It is possible to get by without, but on less frequented routes where there is little pilgrim-specific accommodation it is better to have at least basic Spanish.

On the busier routes you will meet various non-French and non-Spanish pilgrims who generally will speak some English, but you should not expect to meet many English-speaking Spaniards, pilgrim or otherwise.

Your enjoyment of France and Spain and the people you meet will be greatly enhanced if you can find the time to learn some basic French or Spanish (hello, goodbye, please, thank you, and enough vocabulary to use in shops and restaurants and to ask for a bed or room for the night). We strongly suggest investing in an evening class, or a teach-yourself book/audio course, or trying one of the many free online learning resources, such as the BBC or apps such as Duolingo, Memrise or Babbel. You may consider buying a small lightweight phrasebook too.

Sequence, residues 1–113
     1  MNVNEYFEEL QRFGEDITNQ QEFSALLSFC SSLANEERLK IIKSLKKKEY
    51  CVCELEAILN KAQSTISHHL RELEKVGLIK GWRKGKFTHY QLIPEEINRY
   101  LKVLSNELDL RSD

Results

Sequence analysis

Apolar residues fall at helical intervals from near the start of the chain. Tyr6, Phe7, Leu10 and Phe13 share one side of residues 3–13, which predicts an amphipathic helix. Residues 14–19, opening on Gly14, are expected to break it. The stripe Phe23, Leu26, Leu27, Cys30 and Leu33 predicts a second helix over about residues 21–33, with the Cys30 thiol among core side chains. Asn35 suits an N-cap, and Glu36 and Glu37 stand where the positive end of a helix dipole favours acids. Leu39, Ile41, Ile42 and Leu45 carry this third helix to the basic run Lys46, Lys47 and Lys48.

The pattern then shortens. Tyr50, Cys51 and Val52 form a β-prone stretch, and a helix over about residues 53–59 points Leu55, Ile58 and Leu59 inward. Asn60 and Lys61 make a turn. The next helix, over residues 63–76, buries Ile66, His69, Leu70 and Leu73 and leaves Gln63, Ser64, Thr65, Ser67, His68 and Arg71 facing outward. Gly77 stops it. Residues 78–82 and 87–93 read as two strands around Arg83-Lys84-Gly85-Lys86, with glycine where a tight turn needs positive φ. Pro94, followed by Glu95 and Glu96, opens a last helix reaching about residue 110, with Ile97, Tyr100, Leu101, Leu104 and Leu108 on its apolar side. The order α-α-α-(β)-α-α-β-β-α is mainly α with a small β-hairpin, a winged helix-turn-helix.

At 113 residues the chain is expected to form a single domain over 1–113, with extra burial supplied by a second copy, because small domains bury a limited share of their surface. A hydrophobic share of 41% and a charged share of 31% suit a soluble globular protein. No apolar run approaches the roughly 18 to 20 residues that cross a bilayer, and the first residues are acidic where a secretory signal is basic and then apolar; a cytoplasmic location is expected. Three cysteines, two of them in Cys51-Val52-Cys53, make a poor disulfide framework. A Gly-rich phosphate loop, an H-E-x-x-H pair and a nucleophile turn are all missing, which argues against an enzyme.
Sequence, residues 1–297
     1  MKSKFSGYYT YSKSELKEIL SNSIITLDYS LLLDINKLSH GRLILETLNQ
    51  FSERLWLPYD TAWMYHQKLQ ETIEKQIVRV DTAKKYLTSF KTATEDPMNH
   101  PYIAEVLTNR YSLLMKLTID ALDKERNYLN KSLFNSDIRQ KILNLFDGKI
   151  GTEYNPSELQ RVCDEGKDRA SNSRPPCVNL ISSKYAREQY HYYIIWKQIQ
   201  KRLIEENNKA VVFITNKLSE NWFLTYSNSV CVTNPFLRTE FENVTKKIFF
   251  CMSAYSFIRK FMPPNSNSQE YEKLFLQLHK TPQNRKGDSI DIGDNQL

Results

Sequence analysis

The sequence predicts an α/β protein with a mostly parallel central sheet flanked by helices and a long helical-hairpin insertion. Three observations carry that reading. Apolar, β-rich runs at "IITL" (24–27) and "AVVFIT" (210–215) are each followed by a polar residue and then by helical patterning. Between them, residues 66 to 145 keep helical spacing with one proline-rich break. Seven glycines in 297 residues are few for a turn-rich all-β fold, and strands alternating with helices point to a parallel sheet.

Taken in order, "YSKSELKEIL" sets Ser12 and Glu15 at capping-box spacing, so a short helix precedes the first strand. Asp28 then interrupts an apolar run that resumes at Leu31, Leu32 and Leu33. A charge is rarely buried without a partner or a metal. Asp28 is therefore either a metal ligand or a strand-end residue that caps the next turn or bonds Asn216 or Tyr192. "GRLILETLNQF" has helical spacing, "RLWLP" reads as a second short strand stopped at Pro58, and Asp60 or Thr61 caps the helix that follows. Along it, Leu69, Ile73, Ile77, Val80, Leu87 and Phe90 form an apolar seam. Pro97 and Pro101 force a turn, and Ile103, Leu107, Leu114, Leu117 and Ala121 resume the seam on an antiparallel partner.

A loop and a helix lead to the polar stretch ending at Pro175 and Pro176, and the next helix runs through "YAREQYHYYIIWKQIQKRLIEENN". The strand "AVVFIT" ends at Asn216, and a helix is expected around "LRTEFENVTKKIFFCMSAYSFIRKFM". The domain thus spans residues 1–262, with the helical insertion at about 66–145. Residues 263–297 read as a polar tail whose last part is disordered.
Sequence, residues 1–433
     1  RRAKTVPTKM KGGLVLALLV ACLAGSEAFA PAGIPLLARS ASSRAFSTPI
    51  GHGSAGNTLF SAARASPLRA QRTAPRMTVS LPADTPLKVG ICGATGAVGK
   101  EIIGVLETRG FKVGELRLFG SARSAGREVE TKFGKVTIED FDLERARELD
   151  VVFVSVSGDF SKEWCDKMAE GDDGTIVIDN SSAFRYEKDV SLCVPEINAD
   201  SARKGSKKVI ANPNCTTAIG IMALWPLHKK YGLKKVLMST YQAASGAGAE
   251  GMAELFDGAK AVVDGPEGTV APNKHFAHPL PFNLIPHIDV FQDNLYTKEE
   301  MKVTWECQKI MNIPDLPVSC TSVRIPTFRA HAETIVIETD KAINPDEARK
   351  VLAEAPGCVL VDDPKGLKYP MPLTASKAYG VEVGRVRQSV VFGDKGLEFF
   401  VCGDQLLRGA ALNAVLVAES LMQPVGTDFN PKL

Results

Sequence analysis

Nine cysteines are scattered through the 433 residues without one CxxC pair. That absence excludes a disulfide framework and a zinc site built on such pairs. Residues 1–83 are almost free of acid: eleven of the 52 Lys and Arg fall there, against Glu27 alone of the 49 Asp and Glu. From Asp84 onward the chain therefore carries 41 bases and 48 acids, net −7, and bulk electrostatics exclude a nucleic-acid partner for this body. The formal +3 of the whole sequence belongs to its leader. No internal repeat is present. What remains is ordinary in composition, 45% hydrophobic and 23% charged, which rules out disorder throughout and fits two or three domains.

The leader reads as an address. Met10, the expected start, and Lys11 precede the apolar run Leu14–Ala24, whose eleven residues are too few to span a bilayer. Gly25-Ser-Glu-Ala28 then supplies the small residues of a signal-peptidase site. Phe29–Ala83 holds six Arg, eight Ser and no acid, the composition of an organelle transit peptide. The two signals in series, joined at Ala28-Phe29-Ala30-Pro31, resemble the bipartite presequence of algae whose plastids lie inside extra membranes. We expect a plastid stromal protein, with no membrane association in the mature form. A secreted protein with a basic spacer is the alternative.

We offer the book Camino Lingo in our online shop. 

The Instituto Cervantes, 102 Eaton Square, London SW1W 9AN (020 7245 0621) offers Spanish language classes. Their website is here.

Or how about a Spanish language course at the University of Santiago itself? The University also offers Spanish language courses which include a week on the Camino or Spanish language courses for hospitaleros.

The City Hall School of Languages in Léon offers a one-week Spanish for Pilgrims course.

There is also the newly-created not-for-profit resource Spanish for the Camino from María Seco, a Spaniard living in Pontevedra on the Camino Portugués, who offers online Spanish lessons specifically aimed at pilgrims.